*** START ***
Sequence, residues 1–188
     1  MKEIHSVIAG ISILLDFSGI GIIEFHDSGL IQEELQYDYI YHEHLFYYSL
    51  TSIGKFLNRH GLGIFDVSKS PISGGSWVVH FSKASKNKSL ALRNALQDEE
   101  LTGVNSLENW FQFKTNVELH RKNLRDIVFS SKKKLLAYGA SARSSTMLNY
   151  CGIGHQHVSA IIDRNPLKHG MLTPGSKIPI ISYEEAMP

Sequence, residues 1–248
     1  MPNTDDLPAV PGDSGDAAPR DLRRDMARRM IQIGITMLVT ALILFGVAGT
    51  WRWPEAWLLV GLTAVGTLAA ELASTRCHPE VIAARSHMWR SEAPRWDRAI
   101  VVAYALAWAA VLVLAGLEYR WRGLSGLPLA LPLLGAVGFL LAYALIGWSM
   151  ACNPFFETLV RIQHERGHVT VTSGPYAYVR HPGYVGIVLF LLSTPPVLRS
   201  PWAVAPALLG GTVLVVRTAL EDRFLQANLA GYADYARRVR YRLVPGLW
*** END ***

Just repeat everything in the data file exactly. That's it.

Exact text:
Sequence, residues 1–188
     1  MKEIHSVIAG ISILLDFSGI GIIEFHDSGL IQEELQYDYI YHEHLFYYSL
    51  TSIGKFLNRH GLGIFDVSKS PISGGSWVVH FSKASKNKSL ALRNALQDEE
   101  LTGVNSLENW FQFKTNVELH RKNLRDIVFS SKKKLLAYGA SARSSTMLNY
   151  CGIGHQHVSA IIDRNPLKHG MLTPGSKIPI ISYEEAMP

Sequence, residues 1–248
     1  MPNTDDLPAV PGDSGDAAPR DLRRDMARRM IQIGITMLVT ALILFGVAGT
    51  WRWPEAWLLV GLTAVGTLAA ELASTRCHPE VIAARSHMWR SEAPRWDRAI
   101  VVAYALAWAA VLVLAGLEYR WRGLSGLPLA LPLLGAVGFL LAYALIGWSM
   151  ACNPFFETLV RIQHERGHVT VTSGPYAYVR HPGYVGIVLF LLSTPPVLRS
   201  PWAVAPALLG GTVLVVRTAL EDRFLQANLA GYADYARRVR YRLVPGLW